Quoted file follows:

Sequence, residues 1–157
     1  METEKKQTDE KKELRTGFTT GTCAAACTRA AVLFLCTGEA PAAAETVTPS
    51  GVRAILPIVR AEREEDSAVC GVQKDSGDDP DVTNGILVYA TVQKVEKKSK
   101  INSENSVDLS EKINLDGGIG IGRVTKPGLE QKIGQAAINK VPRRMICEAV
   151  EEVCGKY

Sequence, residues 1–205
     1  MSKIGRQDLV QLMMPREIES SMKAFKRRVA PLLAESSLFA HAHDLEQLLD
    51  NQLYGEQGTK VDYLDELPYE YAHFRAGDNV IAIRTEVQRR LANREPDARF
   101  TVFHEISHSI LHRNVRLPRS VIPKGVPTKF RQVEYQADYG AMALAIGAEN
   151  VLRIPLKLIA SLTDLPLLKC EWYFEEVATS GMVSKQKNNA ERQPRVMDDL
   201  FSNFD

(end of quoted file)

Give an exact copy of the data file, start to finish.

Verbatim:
Sequence, residues 1–157
     1  METEKKQTDE KKELRTGFTT GTCAAACTRA AVLFLCTGEA PAAAETVTPS
    51  GVRAILPIVR AEREEDSAVC GVQKDSGDDP DVTNGILVYA TVQKVEKKSK
   101  INSENSVDLS EKINLDGGIG IGRVTKPGLE QKIGQAAINK VPRRMICEAV
   151  EEVCGKY

Sequence, residues 1–205
     1  MSKIGRQDLV QLMMPREIES SMKAFKRRVA PLLAESSLFA HAHDLEQLLD
    51  NQLYGEQGTK VDYLDELPYE YAHFRAGDNV IAIRTEVQRR LANREPDARF
   101  TVFHEISHSI LHRNVRLPRS VIPKGVPTKF RQVEYQADYG AMALAIGAEN
   151  VLRIPLKLIA SLTDLPLLKC EWYFEEVATS GMVSKQKNNA ERQPRVMDDL
   201  FSNFD